Beji Caid Sebsi
On the face of things, it is surprising that Tunisia’s first president chosen in an open, democratic election is an 88-year-old former minister, Beji Caid Sebsi.
Four years ago stone-throwing youths took to the streets, instigating an uprising that overthrew Zine el-Abidine Ben Ali, the autocrat who had reigned for the previous 23 years.
After his fall the first elections were easily won by Islamists who had previously been banned. Now, by contrast, Tunisia will be presided over by a veteran who served as interior minister in Habib Bourguiba’s government in the 1960s. In a run-off on December 21st he got 56% of the votes cast, comfortably defeating Moncef Marzouki, a former human-rights campaigner who had spent years in exile.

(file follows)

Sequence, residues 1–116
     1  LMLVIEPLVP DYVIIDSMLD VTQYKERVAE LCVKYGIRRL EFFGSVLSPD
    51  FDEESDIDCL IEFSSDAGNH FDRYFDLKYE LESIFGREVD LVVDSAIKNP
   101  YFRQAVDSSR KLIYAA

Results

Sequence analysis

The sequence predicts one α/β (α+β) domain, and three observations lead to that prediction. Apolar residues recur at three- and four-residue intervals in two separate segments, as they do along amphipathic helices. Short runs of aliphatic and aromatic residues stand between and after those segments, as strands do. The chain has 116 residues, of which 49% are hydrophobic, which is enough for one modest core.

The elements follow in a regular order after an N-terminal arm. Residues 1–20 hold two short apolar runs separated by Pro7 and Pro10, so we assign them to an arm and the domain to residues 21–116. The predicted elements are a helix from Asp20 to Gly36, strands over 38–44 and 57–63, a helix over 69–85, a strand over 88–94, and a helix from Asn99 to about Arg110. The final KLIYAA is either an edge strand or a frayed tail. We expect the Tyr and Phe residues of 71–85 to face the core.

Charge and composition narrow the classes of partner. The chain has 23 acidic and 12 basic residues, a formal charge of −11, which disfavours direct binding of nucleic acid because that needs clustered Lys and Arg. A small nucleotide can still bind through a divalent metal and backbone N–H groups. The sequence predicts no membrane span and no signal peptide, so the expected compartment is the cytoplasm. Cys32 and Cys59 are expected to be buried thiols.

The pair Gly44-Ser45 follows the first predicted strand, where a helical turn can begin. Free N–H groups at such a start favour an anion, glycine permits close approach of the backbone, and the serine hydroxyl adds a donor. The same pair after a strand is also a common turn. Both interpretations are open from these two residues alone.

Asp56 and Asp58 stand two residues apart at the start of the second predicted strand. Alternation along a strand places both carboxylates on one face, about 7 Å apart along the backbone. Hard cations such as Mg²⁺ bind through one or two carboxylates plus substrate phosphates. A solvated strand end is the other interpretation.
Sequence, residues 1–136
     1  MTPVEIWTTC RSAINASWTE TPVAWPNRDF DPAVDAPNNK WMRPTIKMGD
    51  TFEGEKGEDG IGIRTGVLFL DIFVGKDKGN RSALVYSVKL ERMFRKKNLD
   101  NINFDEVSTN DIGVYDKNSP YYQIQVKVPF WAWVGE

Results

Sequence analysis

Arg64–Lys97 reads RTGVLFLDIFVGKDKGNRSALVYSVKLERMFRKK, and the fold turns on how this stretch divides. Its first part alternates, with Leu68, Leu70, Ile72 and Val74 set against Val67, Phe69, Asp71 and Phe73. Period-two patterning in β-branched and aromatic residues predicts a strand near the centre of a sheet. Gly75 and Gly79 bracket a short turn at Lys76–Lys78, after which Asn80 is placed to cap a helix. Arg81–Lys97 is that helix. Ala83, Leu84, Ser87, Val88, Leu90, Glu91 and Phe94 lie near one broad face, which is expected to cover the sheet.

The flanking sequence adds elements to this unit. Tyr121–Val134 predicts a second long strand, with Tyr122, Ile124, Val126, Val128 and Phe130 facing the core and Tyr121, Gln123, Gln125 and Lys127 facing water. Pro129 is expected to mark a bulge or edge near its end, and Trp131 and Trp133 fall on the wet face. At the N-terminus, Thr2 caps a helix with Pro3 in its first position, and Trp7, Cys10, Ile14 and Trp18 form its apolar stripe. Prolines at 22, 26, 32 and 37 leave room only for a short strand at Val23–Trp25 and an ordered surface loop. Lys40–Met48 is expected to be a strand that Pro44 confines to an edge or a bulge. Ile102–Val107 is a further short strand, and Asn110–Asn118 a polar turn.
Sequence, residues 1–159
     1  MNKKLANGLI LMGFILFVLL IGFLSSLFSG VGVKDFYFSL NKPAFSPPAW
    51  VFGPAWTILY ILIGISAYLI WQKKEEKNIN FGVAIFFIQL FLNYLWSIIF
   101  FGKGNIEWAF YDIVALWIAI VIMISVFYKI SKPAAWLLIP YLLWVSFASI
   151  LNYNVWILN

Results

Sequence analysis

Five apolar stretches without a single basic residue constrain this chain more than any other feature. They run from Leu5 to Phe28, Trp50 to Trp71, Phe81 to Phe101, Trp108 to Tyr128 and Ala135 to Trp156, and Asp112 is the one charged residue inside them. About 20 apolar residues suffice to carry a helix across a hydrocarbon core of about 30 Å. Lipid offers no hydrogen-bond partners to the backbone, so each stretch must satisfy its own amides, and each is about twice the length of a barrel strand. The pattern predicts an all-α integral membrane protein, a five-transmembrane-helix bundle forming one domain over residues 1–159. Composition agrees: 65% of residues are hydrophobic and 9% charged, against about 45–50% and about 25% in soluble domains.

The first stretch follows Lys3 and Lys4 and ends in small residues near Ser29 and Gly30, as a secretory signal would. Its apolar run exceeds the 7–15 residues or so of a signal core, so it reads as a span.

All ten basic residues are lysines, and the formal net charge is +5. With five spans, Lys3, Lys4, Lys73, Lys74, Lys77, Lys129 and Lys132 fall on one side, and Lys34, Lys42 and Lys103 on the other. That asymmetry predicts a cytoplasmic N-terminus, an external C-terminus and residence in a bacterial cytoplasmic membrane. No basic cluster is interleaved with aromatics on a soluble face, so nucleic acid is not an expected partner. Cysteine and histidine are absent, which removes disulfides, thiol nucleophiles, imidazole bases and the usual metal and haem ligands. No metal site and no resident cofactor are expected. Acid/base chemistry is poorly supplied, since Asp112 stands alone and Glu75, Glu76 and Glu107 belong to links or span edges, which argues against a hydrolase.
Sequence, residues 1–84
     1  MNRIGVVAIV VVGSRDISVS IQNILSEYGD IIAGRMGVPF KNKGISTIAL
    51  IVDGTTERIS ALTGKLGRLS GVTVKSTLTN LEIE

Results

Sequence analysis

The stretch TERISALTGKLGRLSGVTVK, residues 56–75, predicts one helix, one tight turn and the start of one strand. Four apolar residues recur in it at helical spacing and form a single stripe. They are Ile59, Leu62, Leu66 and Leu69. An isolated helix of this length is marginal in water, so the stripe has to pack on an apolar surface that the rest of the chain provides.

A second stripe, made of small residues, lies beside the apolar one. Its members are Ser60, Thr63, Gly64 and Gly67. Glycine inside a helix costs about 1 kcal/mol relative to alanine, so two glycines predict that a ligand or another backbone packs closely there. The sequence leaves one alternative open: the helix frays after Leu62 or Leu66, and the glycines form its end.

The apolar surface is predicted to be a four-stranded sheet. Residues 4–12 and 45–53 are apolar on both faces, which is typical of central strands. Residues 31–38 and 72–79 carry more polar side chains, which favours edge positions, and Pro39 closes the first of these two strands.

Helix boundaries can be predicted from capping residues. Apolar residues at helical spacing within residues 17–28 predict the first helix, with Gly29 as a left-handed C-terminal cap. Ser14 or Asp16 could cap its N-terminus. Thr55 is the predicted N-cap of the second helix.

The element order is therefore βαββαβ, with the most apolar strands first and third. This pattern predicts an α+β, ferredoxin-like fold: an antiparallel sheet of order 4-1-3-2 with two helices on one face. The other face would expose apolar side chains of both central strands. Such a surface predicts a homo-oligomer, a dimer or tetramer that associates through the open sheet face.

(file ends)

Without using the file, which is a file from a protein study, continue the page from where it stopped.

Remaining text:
Mr Caid Sebsi portrayed himself as an admirer of Bourguiba, who ruled the country for 30 years after independence from France in 1956. But he played down his role as interior minister at a time of repression, instead stressing his record as a conciliatory interim prime minister for ten months immediately after the revolution of 2011…